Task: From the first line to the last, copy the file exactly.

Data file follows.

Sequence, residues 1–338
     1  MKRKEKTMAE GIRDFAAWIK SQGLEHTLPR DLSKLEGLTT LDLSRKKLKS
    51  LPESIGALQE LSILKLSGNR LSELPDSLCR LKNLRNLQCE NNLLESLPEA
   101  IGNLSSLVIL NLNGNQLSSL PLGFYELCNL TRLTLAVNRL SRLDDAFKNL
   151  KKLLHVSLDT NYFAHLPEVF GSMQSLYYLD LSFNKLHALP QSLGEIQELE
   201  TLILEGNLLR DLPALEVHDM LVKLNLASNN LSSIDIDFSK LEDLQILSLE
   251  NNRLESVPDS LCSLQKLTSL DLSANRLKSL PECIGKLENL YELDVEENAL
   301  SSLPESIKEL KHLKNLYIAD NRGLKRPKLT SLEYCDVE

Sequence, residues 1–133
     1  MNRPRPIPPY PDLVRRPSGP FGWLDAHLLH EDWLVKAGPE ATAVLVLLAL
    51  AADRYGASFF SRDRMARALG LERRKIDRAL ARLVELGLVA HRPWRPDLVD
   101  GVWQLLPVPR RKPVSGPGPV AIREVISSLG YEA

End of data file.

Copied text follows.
Sequence, residues 1–338
     1  MKRKEKTMAE GIRDFAAWIK SQGLEHTLPR DLSKLEGLTT LDLSRKKLKS
    51  LPESIGALQE LSILKLSGNR LSELPDSLCR LKNLRNLQCE NNLLESLPEA
   101  IGNLSSLVIL NLNGNQLSSL PLGFYELCNL TRLTLAVNRL SRLDDAFKNL
   151  KKLLHVSLDT NYFAHLPEVF GSMQSLYYLD LSFNKLHALP QSLGEIQELE
   201  TLILEGNLLR DLPALEVHDM LVKLNLASNN LSSIDIDFSK LEDLQILSLE
   251  NNRLESVPDS LCSLQKLTSL DLSANRLKSL PECIGKLENL YELDVEENAL
   301  SSLPESIKEL KHLKNLYIAD NRGLKRPKLT SLEYCDVE

Sequence, residues 1–133
     1  MNRPRPIPPY PDLVRRPSGP FGWLDAHLLH EDWLVKAGPE ATAVLVLLAL
    51  AADRYGASFF SRDRMARALG LERRKIDRAL ARLVELGLVA HRPWRPDLVD
   101  GVWQLLPVPR RKPVSGPGPV AIREVISSLG YEA